Sent from my iPhone using Big Bend Chat (http://r.tapatalk.com/byo?rid=88143)

I'm not seeing "salty" responses.  Essentially everyone has said it was an amazing feat that he actually completed it but at the same time experienced heads shaking at what could have been.

He rightfully talked about the miscues he made and because he appears to be young and in good shape he was able to push through them, not necessarily because he really had the depth of experience to overcome them.  Walking with a day pack around the hills near San Antonio does not equate to the elevation and conditions on the OML.  I think if he was a member here we would have similar questions of him.  I counted at least a half a dozen things he said he did or didn't do that made me wonder about his level of experience. 

Like jeffblaylock said, congratulations on doing it, not what I would do or recommend but there it is.  The other obligation we have is to point out to others who may run across this July OML report, is that it is not always possible or a good idea.  The problem with the internet is people read things and say "hey I can do that" which the NPS rangers see all too often and have to deal with.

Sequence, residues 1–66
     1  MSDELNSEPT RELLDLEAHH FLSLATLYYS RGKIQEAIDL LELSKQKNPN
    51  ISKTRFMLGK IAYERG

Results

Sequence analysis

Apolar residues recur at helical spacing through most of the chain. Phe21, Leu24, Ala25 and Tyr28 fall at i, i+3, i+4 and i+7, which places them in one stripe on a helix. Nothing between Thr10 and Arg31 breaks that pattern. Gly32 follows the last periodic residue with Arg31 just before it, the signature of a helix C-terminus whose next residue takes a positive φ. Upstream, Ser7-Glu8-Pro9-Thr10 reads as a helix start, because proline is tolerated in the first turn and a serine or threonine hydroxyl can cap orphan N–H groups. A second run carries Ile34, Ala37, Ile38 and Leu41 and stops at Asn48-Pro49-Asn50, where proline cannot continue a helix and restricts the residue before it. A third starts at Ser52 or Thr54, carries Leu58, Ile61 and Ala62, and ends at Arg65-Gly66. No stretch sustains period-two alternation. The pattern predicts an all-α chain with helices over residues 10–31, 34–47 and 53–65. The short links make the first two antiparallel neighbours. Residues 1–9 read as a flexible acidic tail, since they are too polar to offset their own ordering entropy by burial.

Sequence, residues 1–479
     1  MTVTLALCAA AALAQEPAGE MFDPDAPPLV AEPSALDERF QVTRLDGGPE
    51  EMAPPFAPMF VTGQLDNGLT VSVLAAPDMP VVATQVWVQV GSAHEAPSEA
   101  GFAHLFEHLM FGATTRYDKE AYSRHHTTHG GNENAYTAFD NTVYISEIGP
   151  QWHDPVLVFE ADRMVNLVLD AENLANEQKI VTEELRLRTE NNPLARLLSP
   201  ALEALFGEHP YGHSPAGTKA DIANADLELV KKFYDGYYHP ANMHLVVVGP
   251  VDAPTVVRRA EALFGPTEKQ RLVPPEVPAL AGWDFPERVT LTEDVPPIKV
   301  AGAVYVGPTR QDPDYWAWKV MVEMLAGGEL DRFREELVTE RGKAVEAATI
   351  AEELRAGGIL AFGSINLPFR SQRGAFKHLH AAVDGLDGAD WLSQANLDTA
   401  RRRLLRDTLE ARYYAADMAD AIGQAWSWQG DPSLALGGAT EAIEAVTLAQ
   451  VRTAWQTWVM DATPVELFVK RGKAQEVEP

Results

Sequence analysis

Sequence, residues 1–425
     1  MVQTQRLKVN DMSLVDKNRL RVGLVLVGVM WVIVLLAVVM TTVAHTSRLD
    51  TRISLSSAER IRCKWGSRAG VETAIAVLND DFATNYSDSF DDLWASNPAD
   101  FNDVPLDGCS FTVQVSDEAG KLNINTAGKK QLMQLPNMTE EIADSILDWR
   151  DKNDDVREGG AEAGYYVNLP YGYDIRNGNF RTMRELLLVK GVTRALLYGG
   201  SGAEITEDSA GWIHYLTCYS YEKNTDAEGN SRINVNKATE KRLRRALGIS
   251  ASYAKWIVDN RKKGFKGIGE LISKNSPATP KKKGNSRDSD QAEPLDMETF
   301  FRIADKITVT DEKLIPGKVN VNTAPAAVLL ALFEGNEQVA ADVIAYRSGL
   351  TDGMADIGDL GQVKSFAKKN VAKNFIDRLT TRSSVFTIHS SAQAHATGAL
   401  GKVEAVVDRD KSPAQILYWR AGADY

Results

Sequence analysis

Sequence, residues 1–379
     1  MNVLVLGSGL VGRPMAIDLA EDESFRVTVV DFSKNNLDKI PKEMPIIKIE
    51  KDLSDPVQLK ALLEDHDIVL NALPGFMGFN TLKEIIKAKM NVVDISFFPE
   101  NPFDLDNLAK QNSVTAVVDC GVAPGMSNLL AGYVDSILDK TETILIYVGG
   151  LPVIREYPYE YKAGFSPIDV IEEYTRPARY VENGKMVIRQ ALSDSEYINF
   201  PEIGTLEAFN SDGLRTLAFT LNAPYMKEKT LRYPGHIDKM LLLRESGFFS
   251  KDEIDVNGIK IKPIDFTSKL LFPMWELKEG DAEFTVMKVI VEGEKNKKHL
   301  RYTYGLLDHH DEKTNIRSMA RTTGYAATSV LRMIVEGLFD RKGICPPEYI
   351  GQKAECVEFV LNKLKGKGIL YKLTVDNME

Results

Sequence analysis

Title: Re: A JULY! OML trip report from Reddit
Post by: badknees on July 30, 2018, 11:24:22 AM
Quote
Clarke's second law says: "The only way of discovering the limits of the possible is to venture a little way past them into the impossible

Badknees' Law.......keep repeating Clark's Second Law and an untimely end is a certainty. You may get away with it once, or twice, but the 3rd time might just get you.
Title: Re: A JULY! OML trip report from Reddit
Post by: austin gorpchomper on July 30, 2018, 12:29:43 PM
Wow.  This guy successfully completed the OML in extremely tough conditions.  Were he a member of this site, congratulations would be in store for his “epic” accomplishment.  Instead I’m seeing a bunch of salty responses. This is a site where we celebrate our love for Big Bend and the adventures of those who choose to explore it.  I only wish this guy was a member of our group so we could pick his brain a little more.